Travel Basics – Paris, France

| March 24, 2018 | 0 Comments

Style, cuisine and romance, dashingly hedonistic and attractive. Paris has always been a chic destination, so match your outfit with your cheering items and get a beret for a stroll along one of its many iconic landmarks. Champs-Elysées Avenue is home to the Arc de Triomphe, a triumphal arch as the sight and symbol of honour to all the fighters for France during the Napoleonic Wars and onwards. Alley of tempting corner bars and restaurants found there, with all the manner of a Parisian lifestyle is leading you toward the magnificent Louvre, and if that doesn’t rock your boat, right across the Seine river, to the Eiffel Tower. Paris praises aside, you will need more than a day to fully explore all its sensations, so add a few to your match and be prepared to fall hard for Paris.

Visa requirements

1.Tourist travel to France

As a part of the Schengen Area, even if not officially signing the particular documents of the agreement, France is free of border checks for all European countries with an exception made for the United Kingdom and the countries that are soon to be part of this agreement as Croatia, Bulgaria, Romania, Cyprus and Ireland. Regarding the non-members of the Schengen Area, there is a mandatory visa requirement to enter the Schengen Zone for some of the countries, most do not need visa for up to 3 months stay. The number of days permitted to stay in any of the Schengen zone countries can’t exceed three months for every half a year. Certain nationalities will also need an airport transit visa in order to change the airplane to any airport in a Schengen Area. A full list of the countries and visa requirements are found here.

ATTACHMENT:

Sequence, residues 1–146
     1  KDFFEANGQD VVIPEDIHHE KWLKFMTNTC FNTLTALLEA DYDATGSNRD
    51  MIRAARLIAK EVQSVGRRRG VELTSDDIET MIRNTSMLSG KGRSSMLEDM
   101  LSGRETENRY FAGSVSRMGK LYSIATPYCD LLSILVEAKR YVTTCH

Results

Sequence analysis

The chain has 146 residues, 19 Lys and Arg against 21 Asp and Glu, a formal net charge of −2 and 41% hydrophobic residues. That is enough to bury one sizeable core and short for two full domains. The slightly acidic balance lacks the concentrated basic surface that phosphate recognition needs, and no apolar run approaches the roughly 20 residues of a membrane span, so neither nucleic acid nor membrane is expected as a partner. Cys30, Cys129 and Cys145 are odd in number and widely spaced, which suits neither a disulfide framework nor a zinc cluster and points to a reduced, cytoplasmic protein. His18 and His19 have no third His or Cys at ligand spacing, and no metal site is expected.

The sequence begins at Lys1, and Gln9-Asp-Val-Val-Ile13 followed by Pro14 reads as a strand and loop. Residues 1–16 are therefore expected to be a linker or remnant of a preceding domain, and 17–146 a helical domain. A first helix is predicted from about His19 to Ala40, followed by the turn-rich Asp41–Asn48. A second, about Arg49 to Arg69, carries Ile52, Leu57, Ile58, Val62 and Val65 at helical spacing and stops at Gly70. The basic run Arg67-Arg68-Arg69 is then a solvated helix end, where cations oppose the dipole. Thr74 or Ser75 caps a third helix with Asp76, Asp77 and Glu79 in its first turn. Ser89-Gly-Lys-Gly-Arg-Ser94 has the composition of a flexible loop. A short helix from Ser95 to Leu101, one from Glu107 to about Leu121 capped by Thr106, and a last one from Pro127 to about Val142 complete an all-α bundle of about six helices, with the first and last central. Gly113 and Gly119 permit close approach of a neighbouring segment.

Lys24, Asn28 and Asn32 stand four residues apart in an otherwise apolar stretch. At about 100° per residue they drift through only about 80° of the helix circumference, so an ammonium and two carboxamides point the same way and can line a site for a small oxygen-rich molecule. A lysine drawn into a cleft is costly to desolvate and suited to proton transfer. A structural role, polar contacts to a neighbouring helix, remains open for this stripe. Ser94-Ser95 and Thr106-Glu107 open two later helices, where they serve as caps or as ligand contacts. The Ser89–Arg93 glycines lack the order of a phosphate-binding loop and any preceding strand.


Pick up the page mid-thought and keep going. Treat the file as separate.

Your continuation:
Children of all ages (from birth) require a passport. Handy to have, as it could be required, is documentary evidence of relationship and permission for the child’s travel from the parent or legal guardian not present.

2. Entry limitations & customs restrictions:

Due to the increased risk of disease introduction, the import of certain animal-based products within countries of the European Union is subject to strict procedures. Non-reporting of transport of these products is subject to a criminal prosecution or a fine.
Transporting meat originating from wild animals is strictly prohibited. Violating this prohibition is subject to criminal sanctions.

Non-E.U. nationals can bring in duty-free up to 200 cigarettes, 50 cigars, 100 cigarillos or 250 grams of smoking tobacco. This amount is doubled if you live outside Europe. 2 liters of wine and 1 liter of alcohol over 22%, and 2 liters of wine 22% or under, 60cc of perfume, a quarter liter of the eau de toilette. Visitors ages 15 and over can bring in other goods totaling 175€; for those under 15, the limit is 90€.

Health & Safety